Fugaku, previously the reigning champion from June 2020 until November 2021, has now dropped to No. 4. This system, based in Kobe, Japan, has been a consistent performer and continues to be a significant player in the supercomputing world.

The LUMI system, situated at Euro HPC/CSC in Kajaani, Finland, has achieved the No. 5 spot with an HPL score of 379.70 PFlop/s. Meanwhile, the No. 6 system, Leonardo, is installed at a different EuroHPC site in CINECA, Italy. This shows the significant role Europe plays in the global supercomputing landscape.

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The Summit, an IBM-built system at the Oak Ridge National Laboratory (ORNL) in Tennessee, USA, has now dropped to the No. 7 spot worldwide. Despite its drop, Summit remains a significant contributor to the world of high-performance computing.

New entrants to the list include the MareNostrum 5 ACC system at No. 8, installed at the EuroHPC/Barcelona Supercomputing Center in Spain, and the Eos system at No. 9, a NVIDIA DGX SuperPOD based system at NVIDIA, USA. These new entries highlight the continuous advancements and competitiveness in the supercomputing industry.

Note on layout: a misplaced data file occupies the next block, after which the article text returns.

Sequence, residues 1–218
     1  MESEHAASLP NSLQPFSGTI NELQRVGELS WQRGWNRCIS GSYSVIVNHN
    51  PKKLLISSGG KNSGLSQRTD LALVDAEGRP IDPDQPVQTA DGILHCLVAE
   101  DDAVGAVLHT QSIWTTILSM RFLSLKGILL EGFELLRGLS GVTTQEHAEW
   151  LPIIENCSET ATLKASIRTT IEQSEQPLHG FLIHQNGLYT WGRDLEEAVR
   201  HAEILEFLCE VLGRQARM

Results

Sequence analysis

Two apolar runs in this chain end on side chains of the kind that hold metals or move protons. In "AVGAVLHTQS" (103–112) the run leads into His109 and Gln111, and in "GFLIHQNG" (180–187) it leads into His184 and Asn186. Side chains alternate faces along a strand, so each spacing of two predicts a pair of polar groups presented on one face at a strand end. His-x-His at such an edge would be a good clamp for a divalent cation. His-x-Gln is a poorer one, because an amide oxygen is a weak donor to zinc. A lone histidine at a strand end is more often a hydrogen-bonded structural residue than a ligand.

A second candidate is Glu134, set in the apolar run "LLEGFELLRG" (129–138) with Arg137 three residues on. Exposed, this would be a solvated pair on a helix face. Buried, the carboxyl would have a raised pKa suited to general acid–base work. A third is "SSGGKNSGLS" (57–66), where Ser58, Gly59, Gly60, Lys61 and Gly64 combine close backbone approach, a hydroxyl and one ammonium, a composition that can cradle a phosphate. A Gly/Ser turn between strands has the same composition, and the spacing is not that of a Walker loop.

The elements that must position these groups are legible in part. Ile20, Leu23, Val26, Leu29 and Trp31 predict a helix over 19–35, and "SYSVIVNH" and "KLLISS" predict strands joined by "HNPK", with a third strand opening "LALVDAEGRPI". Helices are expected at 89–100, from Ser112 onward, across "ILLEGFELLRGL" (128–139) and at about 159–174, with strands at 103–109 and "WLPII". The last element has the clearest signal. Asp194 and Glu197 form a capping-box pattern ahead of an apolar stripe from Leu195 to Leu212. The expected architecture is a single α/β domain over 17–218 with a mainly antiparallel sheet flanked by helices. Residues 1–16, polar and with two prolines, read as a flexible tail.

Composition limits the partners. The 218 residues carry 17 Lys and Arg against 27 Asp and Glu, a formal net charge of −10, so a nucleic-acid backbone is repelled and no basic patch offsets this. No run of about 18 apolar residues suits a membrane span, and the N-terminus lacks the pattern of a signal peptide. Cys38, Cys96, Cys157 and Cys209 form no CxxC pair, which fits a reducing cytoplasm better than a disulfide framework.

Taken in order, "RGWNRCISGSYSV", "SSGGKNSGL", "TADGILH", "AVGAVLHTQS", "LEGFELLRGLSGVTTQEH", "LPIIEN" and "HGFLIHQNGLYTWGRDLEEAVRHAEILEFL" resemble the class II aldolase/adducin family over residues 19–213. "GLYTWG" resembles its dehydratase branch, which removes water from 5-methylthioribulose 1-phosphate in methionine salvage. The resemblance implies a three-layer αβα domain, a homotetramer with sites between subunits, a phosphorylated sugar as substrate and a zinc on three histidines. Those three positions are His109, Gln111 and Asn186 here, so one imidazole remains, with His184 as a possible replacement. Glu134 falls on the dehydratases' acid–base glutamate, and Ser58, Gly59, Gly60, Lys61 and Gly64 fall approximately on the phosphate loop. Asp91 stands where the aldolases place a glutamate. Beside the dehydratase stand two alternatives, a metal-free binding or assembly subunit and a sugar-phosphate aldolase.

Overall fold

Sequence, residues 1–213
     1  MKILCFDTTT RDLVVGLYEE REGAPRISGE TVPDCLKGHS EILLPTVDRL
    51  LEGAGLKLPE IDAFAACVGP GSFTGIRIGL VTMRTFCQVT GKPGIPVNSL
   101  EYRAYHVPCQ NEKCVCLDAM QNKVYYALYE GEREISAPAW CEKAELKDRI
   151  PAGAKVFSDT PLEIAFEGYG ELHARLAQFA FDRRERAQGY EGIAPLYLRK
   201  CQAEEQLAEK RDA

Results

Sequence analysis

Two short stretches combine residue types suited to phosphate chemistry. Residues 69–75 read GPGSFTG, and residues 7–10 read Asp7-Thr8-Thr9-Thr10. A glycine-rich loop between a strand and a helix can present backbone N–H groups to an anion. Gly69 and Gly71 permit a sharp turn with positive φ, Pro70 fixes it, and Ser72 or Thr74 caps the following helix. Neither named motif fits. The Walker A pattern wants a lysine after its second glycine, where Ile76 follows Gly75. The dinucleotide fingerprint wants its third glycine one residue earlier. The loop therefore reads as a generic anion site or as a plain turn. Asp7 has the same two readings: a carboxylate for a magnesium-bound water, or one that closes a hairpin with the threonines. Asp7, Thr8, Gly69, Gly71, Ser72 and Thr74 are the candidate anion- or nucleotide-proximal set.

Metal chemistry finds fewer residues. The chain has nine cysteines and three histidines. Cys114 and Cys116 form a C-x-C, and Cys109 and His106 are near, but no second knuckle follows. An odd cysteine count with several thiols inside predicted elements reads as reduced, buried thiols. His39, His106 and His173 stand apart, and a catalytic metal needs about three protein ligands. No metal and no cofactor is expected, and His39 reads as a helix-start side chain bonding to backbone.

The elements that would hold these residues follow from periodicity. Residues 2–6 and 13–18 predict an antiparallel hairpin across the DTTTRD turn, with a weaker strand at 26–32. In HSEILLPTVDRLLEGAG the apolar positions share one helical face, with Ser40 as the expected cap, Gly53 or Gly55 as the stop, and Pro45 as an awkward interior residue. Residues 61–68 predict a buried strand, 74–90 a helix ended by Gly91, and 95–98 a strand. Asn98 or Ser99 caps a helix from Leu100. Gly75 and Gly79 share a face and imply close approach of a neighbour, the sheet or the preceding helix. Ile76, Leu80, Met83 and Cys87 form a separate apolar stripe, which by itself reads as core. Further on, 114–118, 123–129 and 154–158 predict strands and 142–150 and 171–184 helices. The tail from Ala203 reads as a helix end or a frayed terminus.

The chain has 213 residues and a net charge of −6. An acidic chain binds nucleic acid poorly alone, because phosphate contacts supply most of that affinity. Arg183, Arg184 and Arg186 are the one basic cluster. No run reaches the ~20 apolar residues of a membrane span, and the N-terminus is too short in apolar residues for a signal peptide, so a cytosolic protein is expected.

Finally, Sierra, a system at the Lawrence Livermore National Laboratory, CA, USA, ranks at No. 10. Despite being at the end of the top 10, Sierra’s placement on this list is a testament to its formidable computing capabilities.

The latest TOP500 list reveals the dynamic nature of the supercomputing field, with systems constantly evolving and new players entering the fray. Notably, 20 new systems on the list use Intel Sapphire Rapids CPUs, indicating a shift in hardware preferences. As technology continues to evolve, it will be intriguing to watch how these rankings change in the future and what new advancements will shape the world of supercomputing.